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Use testing to better manage hay shortages

Kelli Boylen Published on 16 September 2014

If you are facing hay shortages this winter, forage specialist Garry D. Lacefield says having your hay tested should be a top priority.

“Once you know the hay quality on your farm, then you will be able to balance a ration that may include less expensive commodity feeds. Without a hay test, you are only guessing,” he said. Lacefield is with the University of Kentucky Extension.

“Also if you are buying hay, insist on a hay test. It’s better to put your money into commodity feeds and limit hay than to feed hay with low nutritional value.”

There are many factors that can affect hay quality, including forage species, stage of maturity, and harvesting and storage methods. Growing temperatures, maturity, leaf-to-stem ratio and soil fertility can also affect quality.

Because there are so many factors, accurate lab testing is important to formulate rations.

Many county and state extension offices offer hay testing; contact your local office to inquire. According to the publication “Understanding Forage Quality” (PDF, 1.32 MB), if you choose a commercial lab on your own, look for one that is certified by the National Forage Testing Association (NFTA).

The NFTA certifies the proficiency of laboratories. For a current listing of certified laboratories, as well as more information about proficiency testing, visit NFTA’s website.

That same publication recommends taking at least 20 core samples from a given lot (defined as forage taken from the same farm, field, and cut under uniform conditions within a 48-hour time period) using a hay probe that has an internal diameter of three-eighths to five-eighths inch. A laboratory analysis uses only a few grams of material to represent tons of forage, which is why the sampling technique is extremely important.

For all rectangular bales, insert the hay probe 12 to 18 inches deep at a right angle into the center of the ends of the bales. For round bales, the probe should be inserted at right angles to the outside circumference of the bales. Combine all core samples and put into plastic freezer bag. The sample should weigh one-half to three-quarters of a pound. Keep out of direct sunlight and promptly send to the lab.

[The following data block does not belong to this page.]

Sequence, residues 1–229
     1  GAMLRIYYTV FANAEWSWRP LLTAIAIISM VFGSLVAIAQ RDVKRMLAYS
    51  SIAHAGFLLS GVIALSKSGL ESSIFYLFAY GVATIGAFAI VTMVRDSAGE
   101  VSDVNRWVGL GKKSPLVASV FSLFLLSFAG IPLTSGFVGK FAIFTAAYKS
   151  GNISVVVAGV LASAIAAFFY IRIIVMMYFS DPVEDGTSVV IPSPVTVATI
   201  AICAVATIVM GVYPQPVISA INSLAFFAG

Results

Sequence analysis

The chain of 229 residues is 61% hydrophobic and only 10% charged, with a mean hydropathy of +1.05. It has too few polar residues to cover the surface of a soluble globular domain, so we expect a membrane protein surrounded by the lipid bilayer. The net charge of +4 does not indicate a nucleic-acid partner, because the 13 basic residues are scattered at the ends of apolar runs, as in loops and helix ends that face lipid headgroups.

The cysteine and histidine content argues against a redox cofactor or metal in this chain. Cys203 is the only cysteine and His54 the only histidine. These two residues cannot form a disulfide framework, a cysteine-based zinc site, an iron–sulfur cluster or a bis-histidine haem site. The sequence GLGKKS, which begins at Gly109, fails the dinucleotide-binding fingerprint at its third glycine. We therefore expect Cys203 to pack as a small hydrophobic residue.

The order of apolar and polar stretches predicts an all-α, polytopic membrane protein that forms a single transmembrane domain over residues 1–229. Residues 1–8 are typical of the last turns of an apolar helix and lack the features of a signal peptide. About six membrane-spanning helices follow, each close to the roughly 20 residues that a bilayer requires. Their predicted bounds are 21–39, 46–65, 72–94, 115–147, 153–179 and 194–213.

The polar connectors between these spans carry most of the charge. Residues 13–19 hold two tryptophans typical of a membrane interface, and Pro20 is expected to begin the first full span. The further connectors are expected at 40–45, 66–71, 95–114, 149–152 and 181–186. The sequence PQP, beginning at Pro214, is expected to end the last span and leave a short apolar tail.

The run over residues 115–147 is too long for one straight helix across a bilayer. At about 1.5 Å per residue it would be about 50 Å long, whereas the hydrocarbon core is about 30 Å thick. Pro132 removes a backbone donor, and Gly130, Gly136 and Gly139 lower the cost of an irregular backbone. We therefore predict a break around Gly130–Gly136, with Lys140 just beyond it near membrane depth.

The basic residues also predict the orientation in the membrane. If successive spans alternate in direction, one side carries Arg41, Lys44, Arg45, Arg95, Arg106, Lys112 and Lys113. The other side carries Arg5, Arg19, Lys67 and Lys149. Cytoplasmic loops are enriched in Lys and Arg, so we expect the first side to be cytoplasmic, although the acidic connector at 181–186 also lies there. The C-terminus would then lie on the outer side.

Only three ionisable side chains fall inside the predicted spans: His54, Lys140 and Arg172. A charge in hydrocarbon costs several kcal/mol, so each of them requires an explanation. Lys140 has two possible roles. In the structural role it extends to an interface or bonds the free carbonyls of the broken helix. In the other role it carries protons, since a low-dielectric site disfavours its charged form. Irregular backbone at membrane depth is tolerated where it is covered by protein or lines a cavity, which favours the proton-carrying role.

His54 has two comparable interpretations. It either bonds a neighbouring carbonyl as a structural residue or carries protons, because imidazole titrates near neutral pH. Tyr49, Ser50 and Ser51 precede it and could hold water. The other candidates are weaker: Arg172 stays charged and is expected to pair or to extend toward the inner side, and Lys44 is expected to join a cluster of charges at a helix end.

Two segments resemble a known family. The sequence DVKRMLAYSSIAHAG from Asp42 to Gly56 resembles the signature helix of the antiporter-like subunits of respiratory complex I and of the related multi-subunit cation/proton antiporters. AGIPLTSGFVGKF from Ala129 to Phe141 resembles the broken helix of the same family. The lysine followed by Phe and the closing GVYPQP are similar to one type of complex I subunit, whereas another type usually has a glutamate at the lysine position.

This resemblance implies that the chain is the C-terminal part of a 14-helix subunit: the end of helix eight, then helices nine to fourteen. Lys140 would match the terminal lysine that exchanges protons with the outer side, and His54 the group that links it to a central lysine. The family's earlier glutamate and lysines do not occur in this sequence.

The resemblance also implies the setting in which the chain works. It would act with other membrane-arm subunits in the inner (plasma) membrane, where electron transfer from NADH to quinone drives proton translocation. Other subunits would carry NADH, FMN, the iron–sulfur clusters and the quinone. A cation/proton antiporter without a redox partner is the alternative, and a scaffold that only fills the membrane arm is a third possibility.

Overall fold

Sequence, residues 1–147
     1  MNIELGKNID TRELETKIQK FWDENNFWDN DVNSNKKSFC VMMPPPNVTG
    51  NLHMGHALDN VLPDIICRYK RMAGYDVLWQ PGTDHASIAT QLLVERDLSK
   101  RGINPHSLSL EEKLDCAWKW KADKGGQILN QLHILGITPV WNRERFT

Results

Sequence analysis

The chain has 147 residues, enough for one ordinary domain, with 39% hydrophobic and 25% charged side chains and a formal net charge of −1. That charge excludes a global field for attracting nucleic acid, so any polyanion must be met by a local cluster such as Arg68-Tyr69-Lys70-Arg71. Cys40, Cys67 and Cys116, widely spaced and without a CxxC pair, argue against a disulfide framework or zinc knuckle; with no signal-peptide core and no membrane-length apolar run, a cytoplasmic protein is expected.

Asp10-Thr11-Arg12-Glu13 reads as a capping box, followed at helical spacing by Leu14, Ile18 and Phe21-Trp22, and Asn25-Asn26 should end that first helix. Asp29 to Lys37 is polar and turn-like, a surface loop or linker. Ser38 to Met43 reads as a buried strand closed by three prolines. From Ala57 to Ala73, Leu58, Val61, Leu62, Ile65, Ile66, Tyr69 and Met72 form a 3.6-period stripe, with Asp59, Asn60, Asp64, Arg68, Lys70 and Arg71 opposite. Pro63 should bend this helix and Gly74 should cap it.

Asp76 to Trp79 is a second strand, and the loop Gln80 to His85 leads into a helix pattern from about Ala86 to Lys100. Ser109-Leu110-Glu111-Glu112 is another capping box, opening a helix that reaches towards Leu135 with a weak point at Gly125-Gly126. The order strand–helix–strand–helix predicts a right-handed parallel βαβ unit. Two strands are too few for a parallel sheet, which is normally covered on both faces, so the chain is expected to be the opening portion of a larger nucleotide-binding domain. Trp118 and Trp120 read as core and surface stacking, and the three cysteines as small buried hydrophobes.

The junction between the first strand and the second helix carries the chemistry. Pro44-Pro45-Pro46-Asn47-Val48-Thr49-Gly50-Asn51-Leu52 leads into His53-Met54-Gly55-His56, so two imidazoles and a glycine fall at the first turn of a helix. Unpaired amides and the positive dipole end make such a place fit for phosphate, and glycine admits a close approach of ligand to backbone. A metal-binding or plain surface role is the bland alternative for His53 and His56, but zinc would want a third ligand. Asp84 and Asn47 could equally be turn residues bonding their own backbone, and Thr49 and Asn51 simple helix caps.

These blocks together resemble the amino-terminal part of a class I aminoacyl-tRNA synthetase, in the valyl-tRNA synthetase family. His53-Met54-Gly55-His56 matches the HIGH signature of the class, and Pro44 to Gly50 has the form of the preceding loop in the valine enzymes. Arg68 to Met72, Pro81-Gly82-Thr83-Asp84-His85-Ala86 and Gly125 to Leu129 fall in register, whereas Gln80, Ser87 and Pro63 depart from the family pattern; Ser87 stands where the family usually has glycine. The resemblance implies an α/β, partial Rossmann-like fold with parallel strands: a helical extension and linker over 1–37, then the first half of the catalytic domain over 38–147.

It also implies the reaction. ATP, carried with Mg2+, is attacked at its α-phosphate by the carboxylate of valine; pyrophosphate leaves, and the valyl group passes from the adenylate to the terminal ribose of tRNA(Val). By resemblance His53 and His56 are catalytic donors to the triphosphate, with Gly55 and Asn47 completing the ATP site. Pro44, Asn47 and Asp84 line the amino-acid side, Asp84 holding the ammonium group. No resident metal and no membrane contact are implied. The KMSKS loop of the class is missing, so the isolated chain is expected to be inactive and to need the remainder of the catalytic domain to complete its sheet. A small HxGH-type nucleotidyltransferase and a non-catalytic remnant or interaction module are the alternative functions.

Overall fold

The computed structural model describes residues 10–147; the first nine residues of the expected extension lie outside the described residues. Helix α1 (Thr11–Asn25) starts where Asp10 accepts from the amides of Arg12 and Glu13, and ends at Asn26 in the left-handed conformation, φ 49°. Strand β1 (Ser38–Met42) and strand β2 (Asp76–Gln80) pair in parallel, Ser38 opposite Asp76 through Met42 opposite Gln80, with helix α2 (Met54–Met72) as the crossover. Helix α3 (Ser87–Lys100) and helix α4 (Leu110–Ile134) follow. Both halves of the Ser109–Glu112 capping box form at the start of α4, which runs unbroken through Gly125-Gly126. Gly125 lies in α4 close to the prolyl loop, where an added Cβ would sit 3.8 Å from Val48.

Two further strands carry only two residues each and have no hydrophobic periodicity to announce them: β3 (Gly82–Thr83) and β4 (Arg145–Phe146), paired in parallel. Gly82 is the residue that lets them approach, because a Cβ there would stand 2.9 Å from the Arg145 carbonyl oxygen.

The standard hay test measures crude protein, acid detergent fiber, neutral detergent fiber and dry matter, according to NFTA’s website. An NDF of alfalfa hay of about 33 to 37 percent is considered ideal, 39 to 40 percent average, and forage quality significantly declines from 41 to 45 percent or above.

Working with your nutritionist, use your hay analysis to create a ration that is the most cost-effective for your operation.

Lacefield also suggests stockpiling tall fescue as one of the “easiest and best ways to stretch out hay supplies.”

In areas of the country where the summer was dry but there is adequate moisture in the fall, this can be a very good choice, he says.

Using “wise grazing management” can really stretch what is available in fall and winter pastures, he notes. For example, using rotational strip grazing will make a pasture last longer than simply turning animals out on a larger open area.

Another of Lacefield’s recommendations is to consider planting winter annuals (rye, rye grass, wheat, etc.) to make up for hay shortages, depending upon your location. Your local extension office may be able to make the best recommendations of what to plant in your area.

“Also, feed hay conservatively and be sure to not waste hay in the process,” he said.  FG

Hay bales at Standlee Hay near Eden, Idaho. Photo by Mikeal Dixon.